A social media user told CMFR that the student suicides following that of Kristel “could be an offshoot of its gloriϐication by the media. Instead of being offered help, they now had an alternative of what to do with their lives. Not that suicide has to be cast as taboo, but that the media should help prevent its occurring more often. Having it reported and talked about for a long period of time seems to benumb the vulnerable victims to think it is an ‘in’ thing, the norm, the best way how to end a problem that seems to be unsolved.” Some news reports dwelt on how well the victim was remembered and the community’s grief over her passing. Such reports, according to the WHO, may lead people to think that suicide is a way to become famous. SEEKING HELP The anchor’s comment that taking poison was better, a crude attempt at humor, had no place in news report. The WHO points out that “suicide coverage is an opportunity to provide the public with information and resources that could save lives.” This can be achieved through “highlighting alternatives to suicide, providing information on help lines and community resources, and publicizing risk indicators and warning signs.” Instead of speculating on its causes, apportioning blame, or even making light of suicides, journalists should consult experts who can educate the public about suicide, and provide their audience details on how the same experts can be reached by distressed individuals. The reports on the three metro transit cases failed to include such helpful information,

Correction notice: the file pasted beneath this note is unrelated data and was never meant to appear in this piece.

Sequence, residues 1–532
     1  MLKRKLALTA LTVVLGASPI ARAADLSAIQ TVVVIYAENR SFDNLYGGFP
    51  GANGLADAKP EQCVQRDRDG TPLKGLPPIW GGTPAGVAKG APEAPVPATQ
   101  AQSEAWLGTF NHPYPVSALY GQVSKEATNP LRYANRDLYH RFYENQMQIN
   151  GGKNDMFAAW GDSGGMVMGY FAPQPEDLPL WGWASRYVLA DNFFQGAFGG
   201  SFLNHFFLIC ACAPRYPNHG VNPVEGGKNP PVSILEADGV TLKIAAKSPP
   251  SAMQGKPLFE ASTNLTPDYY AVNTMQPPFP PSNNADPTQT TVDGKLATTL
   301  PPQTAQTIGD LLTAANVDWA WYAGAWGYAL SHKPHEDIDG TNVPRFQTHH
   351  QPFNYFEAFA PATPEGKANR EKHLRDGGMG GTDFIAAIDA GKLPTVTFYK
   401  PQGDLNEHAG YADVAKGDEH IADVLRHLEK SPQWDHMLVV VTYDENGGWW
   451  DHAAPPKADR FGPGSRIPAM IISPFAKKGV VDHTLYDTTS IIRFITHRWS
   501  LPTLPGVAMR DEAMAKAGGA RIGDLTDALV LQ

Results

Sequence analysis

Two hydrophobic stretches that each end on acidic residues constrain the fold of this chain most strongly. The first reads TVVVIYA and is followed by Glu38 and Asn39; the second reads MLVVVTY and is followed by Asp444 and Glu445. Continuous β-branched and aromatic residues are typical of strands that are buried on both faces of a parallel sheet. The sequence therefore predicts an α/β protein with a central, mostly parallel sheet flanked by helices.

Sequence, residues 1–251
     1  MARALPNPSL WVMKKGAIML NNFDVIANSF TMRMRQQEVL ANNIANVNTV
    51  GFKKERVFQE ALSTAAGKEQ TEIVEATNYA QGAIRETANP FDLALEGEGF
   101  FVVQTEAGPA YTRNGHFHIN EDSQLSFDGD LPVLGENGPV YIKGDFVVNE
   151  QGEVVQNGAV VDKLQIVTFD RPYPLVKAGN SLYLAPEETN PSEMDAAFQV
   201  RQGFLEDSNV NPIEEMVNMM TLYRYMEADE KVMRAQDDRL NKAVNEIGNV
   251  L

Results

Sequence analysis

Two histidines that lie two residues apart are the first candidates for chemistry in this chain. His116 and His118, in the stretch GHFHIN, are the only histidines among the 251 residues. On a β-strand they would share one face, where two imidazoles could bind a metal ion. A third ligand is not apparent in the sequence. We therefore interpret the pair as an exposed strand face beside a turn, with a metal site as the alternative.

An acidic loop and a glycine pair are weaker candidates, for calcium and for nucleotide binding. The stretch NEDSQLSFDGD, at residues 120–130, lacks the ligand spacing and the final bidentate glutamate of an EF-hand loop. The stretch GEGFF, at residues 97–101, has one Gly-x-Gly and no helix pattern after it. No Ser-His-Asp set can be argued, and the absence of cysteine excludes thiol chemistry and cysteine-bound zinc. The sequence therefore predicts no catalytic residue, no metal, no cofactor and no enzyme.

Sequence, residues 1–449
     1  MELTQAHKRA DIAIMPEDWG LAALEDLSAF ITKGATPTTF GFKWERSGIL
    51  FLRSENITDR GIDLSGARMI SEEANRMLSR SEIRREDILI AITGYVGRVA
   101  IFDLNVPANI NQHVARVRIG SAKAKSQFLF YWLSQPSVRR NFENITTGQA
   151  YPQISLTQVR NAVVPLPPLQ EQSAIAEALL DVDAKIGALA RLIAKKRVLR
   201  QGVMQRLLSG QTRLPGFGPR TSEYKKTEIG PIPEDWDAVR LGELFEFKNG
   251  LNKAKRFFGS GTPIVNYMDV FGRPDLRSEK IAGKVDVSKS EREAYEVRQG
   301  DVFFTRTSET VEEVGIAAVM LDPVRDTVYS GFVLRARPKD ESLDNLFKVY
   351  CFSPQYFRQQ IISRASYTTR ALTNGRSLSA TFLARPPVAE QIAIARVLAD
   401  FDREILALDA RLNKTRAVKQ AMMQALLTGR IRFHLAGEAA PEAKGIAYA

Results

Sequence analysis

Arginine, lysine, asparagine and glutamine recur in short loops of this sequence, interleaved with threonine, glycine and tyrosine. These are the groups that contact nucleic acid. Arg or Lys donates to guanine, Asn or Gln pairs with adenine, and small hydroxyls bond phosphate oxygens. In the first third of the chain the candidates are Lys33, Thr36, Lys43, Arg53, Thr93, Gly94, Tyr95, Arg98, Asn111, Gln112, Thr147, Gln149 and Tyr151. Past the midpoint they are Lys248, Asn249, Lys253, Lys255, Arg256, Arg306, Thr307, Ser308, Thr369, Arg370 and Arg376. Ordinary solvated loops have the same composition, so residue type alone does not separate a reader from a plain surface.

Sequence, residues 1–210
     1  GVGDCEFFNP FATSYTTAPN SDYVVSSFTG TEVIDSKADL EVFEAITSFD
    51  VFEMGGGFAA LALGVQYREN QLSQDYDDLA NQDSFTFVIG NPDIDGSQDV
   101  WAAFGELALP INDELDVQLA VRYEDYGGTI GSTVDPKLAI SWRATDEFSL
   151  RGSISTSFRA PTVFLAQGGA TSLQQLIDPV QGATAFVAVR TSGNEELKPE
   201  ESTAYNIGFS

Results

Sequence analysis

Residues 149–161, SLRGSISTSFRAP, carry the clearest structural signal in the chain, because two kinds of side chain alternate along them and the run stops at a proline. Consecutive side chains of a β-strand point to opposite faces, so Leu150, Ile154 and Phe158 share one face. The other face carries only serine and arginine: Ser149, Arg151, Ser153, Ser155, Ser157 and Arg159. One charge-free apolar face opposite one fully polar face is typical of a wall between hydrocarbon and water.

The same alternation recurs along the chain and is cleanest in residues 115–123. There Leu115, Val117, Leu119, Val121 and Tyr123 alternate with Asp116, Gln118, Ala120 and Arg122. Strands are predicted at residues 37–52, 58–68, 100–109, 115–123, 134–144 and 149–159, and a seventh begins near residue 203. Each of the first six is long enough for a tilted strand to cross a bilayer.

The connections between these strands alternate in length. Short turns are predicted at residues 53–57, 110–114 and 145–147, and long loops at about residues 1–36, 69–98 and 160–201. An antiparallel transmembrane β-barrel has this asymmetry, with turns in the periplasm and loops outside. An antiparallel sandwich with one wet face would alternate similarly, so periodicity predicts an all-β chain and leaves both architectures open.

MEDIA IMPACT ME W WHO’s suicide prevention resource for media professionals c concurs: “Television inϐluences suicidal behaviour. There is an increase in suicide up to ten days after television news reports of cases of suicide. As in the print media, highly publicized stories that appear in multiple programs on multiple channels seem to carry the greatest impact.” According to Dr. Dinah Nadera, fellow of the Philippine Psychiatric Association and acting executive director of the Natasha Goulbourn Foundation, a non-proϐit organization dedicated to bringing depression to light, there has been an increase in the calls they receive after media coverage of suicide. “Media contribute to awareness of suicide, positively and negatively.” Nadera recalled several instances in which suicide coverage was repeatedly run on TV and radio. The reports often pointed to a single cause and put the blame on r someone or something. Some reports took advantage of the so family’s grief and even hailed the act of suicide as heroic. The fam suicide, hence, is not seen in the right context. sui Nadera warns the media not to feed people with stories N that are not helpful to those who may have been encountering tha similar situations. In an article entitled “Suicide in the sim Philippines: A Second Look at the Rates and Ratios,” Nadera Phi said that there is a general perception of an increasing trend in suicide rate based on suicide reports from print and broadcast media, although there is no actual data to definitely establish the connection. EDITORIAL POLICIES The SANE Media Centre’s Mindframe “Guidelines for Media Reporting of Suicide” suggests that media handlers “consider whether the story needs to be run at all.” If the report is not in good taste, editors have the prerogative to publish the story or not. Media organizations in the Philippines have their respective policies on reporting events. However, only a few have specific guidelines for reporting suicide. While the Kapisanan ng mga Brodkaster ng Pilipinas and ABS-CBN News and Current Affairs have guidelines in interviewing victims and injured or bereaved persons, they have no standards exclusive to suicide reporting. To their credit, the Inquirer and GMA News and Public Affairs have included in their ethics manuals rules on covering suicide. The Inquirer’s “The Stylebook” notes that in reporting suicides and deaths, “Newspapers have to be compassionate; they have to question the need to report suicides in all cases, particularly when the suicide is not a public ofϐicial or public ϐigure.” The GMA News and Public Affairs’ “Ethics and Editorial Manual” (©2011) offers a more detailed set of rules. It suggests that: “Suicides must be reported sensitively and only when newsworthy, such as when the deceased is a public ϐigure. Since suicide reporting has been found to occasionally lead to more suicides, our stories must avoid discussing details of the method, speculating on the motive, or implying that it was a solution to the